Posted: 10:00 a.m. Tuesday, Aug. 13, 2013
By David Coleman
Sorry Matty D. I've got a new obsession. It's Jonathan Villar's plate patience.
One of the reasons why people like Tim and the bevy of other Villar nay-sayers (I believe Chris was also counted among their number at the beginning of the season) don't like the young shortstop is his plate discipline. He strikes out too much and doesn't hit for a high average while not walking a ton.
That's a fine narrative, but it misses Villar's surprising progress with his walk rate over the years. When he first came over from the Phillies, Villar had only walked six percent of the time. He did better at Lancaster, but it's Lancaster and it was a small sample size.
Then, he did better in two stops in 2011. He did better in 2012 and has done better in 2013. Put it all together and Villar looks to have the potential to walk 8-10 percent of the time in the future. Obviously, that will play.
But, how do we justify the strikeouts? How often do high strikeout, high walk, no power players succeed?
I'm asking that question now, but it's more for the audience. We've talked about it before, and I seem to remember clack finding a study on the relative success rates of minor leaguers in different categories.
No, what I'm interested here is Villar himself. How does he profile as a guy who walks a ton but also strikes out a ton. Does he know the strike zone, but lack the ability to put bat on ball? How rare is that?
Indeed, that's exactly what Villar's plate discipline numbers tell us.
|2013||Astros||24.1 %||56.2 %||37.6 %||51.4 %||84.8 %||72.3 %||42.0 %||67.7 %||9.9 %|
Overall this season in the majors, Villar has only swung at 24 percent of pitches in the strike zone. That's about six percent lower than the league average, putting him in good company. He also swings about 10 percent less on pitches in the zone than on average, meaning he swings at nearly 10 percent less pitches total than league average.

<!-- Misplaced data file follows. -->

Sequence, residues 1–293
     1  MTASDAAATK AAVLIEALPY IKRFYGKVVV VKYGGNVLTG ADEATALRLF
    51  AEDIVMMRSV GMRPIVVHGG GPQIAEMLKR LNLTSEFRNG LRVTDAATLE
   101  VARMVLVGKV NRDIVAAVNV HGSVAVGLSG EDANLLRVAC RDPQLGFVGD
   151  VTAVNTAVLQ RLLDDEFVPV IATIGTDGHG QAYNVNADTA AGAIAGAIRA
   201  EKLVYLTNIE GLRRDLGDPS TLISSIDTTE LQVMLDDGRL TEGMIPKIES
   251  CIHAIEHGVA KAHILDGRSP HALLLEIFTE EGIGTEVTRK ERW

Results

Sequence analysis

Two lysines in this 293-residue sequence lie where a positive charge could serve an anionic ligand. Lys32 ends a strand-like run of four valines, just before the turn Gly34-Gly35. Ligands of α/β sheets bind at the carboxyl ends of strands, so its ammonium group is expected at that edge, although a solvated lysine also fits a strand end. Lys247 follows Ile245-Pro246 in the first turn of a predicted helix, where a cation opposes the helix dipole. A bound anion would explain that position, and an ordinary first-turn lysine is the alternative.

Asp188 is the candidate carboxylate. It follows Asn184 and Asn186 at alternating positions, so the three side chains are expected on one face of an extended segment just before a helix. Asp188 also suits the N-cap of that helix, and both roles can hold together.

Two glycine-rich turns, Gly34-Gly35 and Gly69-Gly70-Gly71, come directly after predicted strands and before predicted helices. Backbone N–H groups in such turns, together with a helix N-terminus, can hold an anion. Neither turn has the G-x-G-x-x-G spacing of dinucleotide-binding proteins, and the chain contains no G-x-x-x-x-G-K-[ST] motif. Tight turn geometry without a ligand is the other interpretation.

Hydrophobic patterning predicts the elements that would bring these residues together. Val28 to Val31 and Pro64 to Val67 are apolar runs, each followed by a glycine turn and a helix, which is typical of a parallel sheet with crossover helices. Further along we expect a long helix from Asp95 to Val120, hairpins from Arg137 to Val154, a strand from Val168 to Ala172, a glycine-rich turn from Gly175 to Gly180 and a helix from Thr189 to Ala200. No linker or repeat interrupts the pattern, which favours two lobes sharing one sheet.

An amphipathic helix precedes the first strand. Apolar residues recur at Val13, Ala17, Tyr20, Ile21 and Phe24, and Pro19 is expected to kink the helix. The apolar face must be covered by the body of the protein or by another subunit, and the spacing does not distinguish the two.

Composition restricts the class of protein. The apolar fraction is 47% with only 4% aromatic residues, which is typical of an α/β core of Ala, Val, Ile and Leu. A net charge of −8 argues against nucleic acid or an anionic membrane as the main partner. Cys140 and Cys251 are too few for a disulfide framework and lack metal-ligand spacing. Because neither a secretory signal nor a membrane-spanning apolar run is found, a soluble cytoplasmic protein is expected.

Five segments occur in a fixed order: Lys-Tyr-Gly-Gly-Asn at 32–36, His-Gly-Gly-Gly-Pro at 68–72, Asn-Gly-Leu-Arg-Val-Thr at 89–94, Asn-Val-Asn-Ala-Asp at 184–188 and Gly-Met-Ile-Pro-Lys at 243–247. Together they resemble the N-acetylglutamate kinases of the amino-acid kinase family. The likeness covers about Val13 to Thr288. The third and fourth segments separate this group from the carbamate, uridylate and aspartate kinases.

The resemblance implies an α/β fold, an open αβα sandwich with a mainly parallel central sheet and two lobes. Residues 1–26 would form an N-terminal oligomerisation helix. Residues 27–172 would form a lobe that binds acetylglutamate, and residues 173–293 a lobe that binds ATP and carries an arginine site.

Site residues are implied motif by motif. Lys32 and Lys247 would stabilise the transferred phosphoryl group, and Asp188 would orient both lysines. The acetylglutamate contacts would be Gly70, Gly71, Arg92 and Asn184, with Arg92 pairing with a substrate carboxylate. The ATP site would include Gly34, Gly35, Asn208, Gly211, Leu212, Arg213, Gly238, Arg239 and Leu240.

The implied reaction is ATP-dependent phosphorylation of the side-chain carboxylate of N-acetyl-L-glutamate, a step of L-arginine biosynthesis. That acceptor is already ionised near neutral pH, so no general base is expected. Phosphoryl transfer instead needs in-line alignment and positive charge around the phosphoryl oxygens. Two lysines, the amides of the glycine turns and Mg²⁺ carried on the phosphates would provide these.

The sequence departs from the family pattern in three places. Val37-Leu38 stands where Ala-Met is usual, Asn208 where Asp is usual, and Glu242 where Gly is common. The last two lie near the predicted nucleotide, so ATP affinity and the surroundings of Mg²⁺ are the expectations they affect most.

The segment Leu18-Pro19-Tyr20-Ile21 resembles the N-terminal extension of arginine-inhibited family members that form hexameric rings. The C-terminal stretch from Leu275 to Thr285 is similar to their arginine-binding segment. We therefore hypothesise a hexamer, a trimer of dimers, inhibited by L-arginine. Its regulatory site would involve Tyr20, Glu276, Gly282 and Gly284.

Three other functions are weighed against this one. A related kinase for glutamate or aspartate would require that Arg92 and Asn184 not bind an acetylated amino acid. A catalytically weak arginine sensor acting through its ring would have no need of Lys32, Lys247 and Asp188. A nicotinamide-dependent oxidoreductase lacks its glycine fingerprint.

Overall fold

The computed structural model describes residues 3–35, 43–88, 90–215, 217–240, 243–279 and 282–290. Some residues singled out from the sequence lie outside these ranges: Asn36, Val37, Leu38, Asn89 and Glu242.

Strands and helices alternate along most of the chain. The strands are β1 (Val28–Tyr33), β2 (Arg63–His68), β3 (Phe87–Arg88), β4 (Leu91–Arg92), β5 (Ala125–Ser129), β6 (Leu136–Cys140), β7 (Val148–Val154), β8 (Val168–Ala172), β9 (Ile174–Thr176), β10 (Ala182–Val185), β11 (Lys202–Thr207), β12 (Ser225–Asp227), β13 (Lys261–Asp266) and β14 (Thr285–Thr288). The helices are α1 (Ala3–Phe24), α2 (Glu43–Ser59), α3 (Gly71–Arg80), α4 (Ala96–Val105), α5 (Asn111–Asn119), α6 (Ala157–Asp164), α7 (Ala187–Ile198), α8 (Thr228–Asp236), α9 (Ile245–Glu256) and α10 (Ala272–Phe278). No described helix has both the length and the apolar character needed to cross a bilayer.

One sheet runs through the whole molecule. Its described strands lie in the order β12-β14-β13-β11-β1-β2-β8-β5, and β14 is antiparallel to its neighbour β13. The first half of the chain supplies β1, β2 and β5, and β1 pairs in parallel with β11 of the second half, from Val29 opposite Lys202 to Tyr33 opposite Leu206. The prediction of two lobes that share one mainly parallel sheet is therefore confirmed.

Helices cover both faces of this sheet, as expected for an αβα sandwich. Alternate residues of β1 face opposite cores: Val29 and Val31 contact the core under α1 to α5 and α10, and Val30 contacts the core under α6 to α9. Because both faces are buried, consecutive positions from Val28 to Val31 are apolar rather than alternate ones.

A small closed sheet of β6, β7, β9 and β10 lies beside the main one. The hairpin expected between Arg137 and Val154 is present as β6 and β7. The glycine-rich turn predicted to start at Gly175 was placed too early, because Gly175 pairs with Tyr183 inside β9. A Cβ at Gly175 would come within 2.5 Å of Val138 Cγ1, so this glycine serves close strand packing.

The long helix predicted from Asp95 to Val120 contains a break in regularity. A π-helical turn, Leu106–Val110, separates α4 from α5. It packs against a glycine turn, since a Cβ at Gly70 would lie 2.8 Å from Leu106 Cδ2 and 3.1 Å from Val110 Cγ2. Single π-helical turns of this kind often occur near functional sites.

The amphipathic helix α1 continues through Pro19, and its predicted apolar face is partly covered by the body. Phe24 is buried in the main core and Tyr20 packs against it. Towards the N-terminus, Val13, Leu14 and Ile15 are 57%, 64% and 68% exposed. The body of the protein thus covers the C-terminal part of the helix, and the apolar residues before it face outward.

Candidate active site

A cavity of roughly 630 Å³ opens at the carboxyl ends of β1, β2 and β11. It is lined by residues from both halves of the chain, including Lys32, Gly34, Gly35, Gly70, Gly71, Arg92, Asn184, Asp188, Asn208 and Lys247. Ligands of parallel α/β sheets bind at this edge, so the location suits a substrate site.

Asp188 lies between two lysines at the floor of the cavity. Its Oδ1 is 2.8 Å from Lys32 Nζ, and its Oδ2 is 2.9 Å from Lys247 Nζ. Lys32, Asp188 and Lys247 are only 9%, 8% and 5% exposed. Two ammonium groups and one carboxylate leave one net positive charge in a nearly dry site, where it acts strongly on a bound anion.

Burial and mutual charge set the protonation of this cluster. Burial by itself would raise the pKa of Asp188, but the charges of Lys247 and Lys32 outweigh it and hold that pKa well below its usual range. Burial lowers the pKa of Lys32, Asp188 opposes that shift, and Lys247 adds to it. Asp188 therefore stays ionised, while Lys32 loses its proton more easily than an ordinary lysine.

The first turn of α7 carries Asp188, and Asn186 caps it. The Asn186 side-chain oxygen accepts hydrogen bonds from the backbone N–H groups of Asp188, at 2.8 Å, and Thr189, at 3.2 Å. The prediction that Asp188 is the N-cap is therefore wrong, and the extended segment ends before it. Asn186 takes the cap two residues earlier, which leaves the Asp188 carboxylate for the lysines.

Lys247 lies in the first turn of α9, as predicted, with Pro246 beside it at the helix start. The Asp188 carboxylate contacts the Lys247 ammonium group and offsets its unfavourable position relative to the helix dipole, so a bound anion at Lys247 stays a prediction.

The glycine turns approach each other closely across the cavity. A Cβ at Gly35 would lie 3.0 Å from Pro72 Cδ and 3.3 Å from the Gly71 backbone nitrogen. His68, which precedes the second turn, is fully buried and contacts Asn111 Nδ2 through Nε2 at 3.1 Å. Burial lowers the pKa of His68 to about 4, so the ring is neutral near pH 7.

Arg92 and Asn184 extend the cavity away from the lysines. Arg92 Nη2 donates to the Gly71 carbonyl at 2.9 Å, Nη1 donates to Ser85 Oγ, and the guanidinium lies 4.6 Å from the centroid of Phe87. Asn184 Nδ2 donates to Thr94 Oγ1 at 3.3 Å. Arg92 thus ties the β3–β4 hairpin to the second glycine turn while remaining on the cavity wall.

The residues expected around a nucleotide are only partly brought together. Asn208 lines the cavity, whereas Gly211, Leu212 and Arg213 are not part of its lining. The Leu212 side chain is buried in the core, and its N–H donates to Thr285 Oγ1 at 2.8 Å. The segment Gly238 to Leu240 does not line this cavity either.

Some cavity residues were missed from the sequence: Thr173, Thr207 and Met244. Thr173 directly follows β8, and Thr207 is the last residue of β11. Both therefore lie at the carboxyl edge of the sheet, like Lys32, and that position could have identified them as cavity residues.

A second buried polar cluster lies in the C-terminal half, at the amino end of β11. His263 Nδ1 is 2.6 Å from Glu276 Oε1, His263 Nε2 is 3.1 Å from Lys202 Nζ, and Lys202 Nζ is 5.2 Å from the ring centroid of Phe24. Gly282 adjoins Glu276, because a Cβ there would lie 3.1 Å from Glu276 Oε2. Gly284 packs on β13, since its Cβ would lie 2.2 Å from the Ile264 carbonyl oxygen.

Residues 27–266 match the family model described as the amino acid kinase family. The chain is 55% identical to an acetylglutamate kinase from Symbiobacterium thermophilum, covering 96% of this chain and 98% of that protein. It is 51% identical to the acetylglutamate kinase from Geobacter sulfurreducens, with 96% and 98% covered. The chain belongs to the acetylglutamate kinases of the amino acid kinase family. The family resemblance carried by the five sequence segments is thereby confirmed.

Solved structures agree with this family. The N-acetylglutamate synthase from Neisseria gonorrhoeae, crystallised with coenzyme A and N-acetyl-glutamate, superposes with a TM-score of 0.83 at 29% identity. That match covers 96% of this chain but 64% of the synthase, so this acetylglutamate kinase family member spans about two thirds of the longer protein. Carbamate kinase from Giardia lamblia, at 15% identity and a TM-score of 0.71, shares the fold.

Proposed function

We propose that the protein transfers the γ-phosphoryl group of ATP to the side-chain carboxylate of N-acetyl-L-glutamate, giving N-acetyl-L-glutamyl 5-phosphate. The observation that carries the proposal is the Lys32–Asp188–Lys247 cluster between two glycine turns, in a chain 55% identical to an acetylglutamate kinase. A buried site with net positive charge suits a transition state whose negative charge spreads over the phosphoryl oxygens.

Less swings means less strikes on swing-throughs, which means more walks. Plus, we can see he does have a good handle on the strike zone, because he just doesn't swing on pitches out of the zone.
However, Villar also has a hard time making contact. His outside the zone contact numbers are not great, about 15 percent below the league average. That may explain why he doesn't swing at stuff outside of the zone. He can't hit it.
Pitches in the zone, Villar hits pretty averagely. He's making contact 84 percent of the time in the zone, which is only three percent lower than the league average. That leads to him only being seven percent under the total contact percentage of the league.
What's more, Villar is swinging through about 10 percent of the pitches he sees. That means 10 percent of the time, he's making no contact at all when he swings. The league is doing that same thing about 9.2 percent of the time, meaning Villar is about average at whiffing.
The only real abberation here is that pitchers seem to enjoy feeding him first-pitch strikes. He's seen 66 percent of them so far, while the league average is about six percent lower than that. I'd also wager that that number has dropped quite a bit as he cooled off. My guess is that he saw a ton of first pitch strikes early in his tenure, he destroyed the ball and pitchers adjusted to him.
Indeed, if you look at his game logs for plate discipline, the evidence bears that out. He saw first pitch strikes over 66 percent of the time in seven of his first nine games. Since then, he's only seen them that high in two games out of six.
Pitchers don't want to get too cute with him, as Villar seems to be fine hitting meaty pitches in the zone. It seems like pitchers who nibble on the corners will give him the most problems right now. That's why teams are moving away from those first pitch strikes, but that adjustment will only last so long.
It also explains why Villar walks so much. Pitchers know they can't challenge him and not have bad things happen. So, they try to nibble. Sometimes, he strikes out by swinging at stuff he shouldn't. Sometimes, that nibbling leads to walks.
Which is a great way to explain Villar's weird profile.